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Nicaragua, China forge ahead on canal to remake world trade

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posted on Jan, 21 2014 @ 03:40 AM
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Nicaragua, China forge ahead on canal to remake world trade




a Chinese company had won a 50-year renewable concession to build a canal, the plan is moving quickly. Scores of Chinese engineers have mapped the topography here, and deal-makers are scouring the globe for investors from an office in faraway Hong Kong.

it might take a decade to build, gobble $60 billion and slice through vast stretches of tropical forest. At 290 kilometres, it would be more than three times the length of the US-built Panama Canal. It also would accommodate supertankers and giant container ships that are far bigger than those the Panama Canal will accept when its expansion is complete next year.


www.smh.com.au...
edit on 21-1-2014 by haidian because: (no reason given)




posted on Jan, 21 2014 @ 08:58 AM
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reply to post by haidian
 


Wow, the Chinese are in charge of this project? I didn't know that. This could be a real game changer. China isn't slowing down.



posted on Jan, 21 2014 @ 08:58 AM
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reply to post by haidian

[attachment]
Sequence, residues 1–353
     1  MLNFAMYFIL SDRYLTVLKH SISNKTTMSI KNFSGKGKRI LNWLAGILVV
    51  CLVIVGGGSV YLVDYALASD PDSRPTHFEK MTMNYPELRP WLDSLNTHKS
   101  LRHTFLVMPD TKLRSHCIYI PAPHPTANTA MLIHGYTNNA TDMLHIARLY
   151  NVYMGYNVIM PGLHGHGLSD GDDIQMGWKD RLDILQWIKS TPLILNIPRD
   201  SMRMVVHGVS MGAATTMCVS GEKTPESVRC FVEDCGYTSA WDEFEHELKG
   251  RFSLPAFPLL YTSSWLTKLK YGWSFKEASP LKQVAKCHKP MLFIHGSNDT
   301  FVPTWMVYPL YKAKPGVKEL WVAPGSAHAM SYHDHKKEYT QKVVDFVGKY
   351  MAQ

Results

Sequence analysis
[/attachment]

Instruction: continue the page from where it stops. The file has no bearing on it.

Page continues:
Wow, the Chinese are in charge of this project? I didn't know that. This could be a real game changer. China isn't slowing down.



posted on Jan, 21 2014 @ 09:05 AM
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Whoa...that is a massive undertaking. I would be REALLY surprised if this happens. I can't imagine all the eco-systems they will be destroying just to build a new trade canal. Doesn't seem like a very smart plan to me. I wonder how long it will take them to recoup the $60 billion it will take to build. Hope they have some good defense on the bordering walls for all the pirates this will bring to the area. It will be like shooting fish in a barrel on that canal, and with it being so long, the security forces needed to cover it will be enormous and very costly.



posted on Jan, 21 2014 @ 09:09 AM
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I read that the chinese economy was now at it's slowest for 14 years. It wouldn't surprise me if this was just propaganda.



posted on Jan, 21 2014 @ 09:10 AM
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reply to post by haidian
 


This is definitely news to me. I had no idea that anyone was considering the construction of another canal in Central America, much less China.

Thanks for posting. F&S



posted on Jan, 21 2014 @ 09:11 AM
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From a very real personal interest I hope to God that if and when they find any and all ancient monuments/artifacts they allow a proper archeological investigation to take place.


Other than that, meh.



posted on Jan, 21 2014 @ 09:22 AM
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reply to post by haidian
 

This looks very dubious commercially.
OK, so it will take supertankers, but are there enough supertankers in the world to make it profitable?